The first episode of Star Trek (the original series) aired in September of 1966. Though never widely popular during its initial three-year run, the science-fiction TV show has since given rise to four subsequent TV series, 13 major motion pictures, and a Saturday morning cartoon. Through it all, science-fiction technology has been prominent. As IT professionals, we thought we'd consider a few lessons taken from the use of Star Trek technology.
Here are five important things we recognized:
- The only worthwhile technology is that which helps you achieve your mission ... The imagination of writers, special-effects artists and prop-masters brought all sorts of tools, weapons and spacecraft to life for Star Trek fans. But while they may have fueled our own imaginations (and even inspired real-life scientists and inventors), Star Trek technology was only introduced to advance plots by helping fictional captains and crews carry out story-critical tasks. This is an important point to remember for small-to-midsized business (SMB) owners when investing in new technology. Though a new operating system, device or software program may seem dazzling, if it doesn't actually help you improve productivity, operate more efficiently, or better serve customers, there's no reason to bring it aboard.
- That said, second-rate technology can leave you at a competitive disadvantage. How many times have Captains Kirk, Picard, Janeway ... et al found themselves confronting a belligerent and technologically more-advanced alien race? Whether dealing with Romulan cloaking devices or Borg Cubes, only fast-thinking and courage under fire have kept our heroes alive when facing better-equipped interstellar enemies. Fortunately, any SMB on planet Earth has pretty much the same access to the latest IT innovations as any other. So when careful cost-benefit analysis warrants the investment, don't hesitate to seek a technological advantage over the 'Klingons' in your market. And because we know all the available technology options can be a bit overwhelming, your friends at SynchroNet are always happy to offer impartial advice.
- Staff must be adequately trained to maximize the value of technology. The characters aboard the various Enterprises all had different posts: Sulu at navigation, Uhuru listening at communications, Worf at weapons ... and they were all proficient in using the technology their duties required. Yet with the possible exception of the android Data, crew members had no inherent ability to use the amazing devices at their disposal; they had to be trained. Technology is only as good as the people who use it. For SMB owners and managers to get the full benefit of IT systems and solutions, they must make sure staff is adequately prepared to use the tools provided to them.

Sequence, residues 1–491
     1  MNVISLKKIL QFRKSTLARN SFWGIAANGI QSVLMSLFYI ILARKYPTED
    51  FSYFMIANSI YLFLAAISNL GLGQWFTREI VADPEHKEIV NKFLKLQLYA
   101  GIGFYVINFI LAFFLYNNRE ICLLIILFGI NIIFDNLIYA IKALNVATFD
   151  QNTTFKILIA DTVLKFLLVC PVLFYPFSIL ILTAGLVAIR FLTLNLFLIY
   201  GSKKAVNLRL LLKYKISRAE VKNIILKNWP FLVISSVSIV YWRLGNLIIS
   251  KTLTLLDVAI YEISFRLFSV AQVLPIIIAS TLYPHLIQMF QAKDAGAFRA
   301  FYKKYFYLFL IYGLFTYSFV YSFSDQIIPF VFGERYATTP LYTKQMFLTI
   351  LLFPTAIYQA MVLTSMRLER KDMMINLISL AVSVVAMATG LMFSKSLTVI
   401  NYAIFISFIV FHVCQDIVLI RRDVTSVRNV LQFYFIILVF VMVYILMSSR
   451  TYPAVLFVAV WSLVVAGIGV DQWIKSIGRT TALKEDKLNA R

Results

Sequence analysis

- When systems are off-line, you're in a bad situation. If you've ever watched the Star Trek shows or movies, you know that the warp-engines, phasers, shields, or transporters will fail at some critical juncture. That's great for sci-fi entertainment, but business owners and managers could certainly do without the drama that accompanies IT-system breakdowns. And though you don't have to fear a warp-core breach, a crashed server can bring your operations to a screeching halt, costing you income that you may never recover. So what can you do? No one can stop a malevolent Q from wrecking your day. However, conscientious monitoring and management of your IT systems, business continuity protocols, and smart processes can greatly mitigate problems to keep your company up and running. (FYI, that's The SynchroNet Way!)
- You need a chief engineer. With doom impending, Chief Engineer Montgomery Scott was constantly being asked to repair a disabled ship, get the transporter working, or coax extreme power from his engines. He knew his stuff, and Kirk could always count on Scotty to be a miracle-worker in the nick of time. In the real world, few small companies can afford the kind of on-staff technological expertise that the fictional Mr. Scott represents. But when unforeseen problems do arise (and despite all best efforts and precautions) there needs to be a go-to-expert who can quickly assess the situation, make trustworthy recommendations, and step in with the necessary solutions. Star Trek had its Scott, LaForge and O'Brien ... SMBs in western New York have SynchroNet.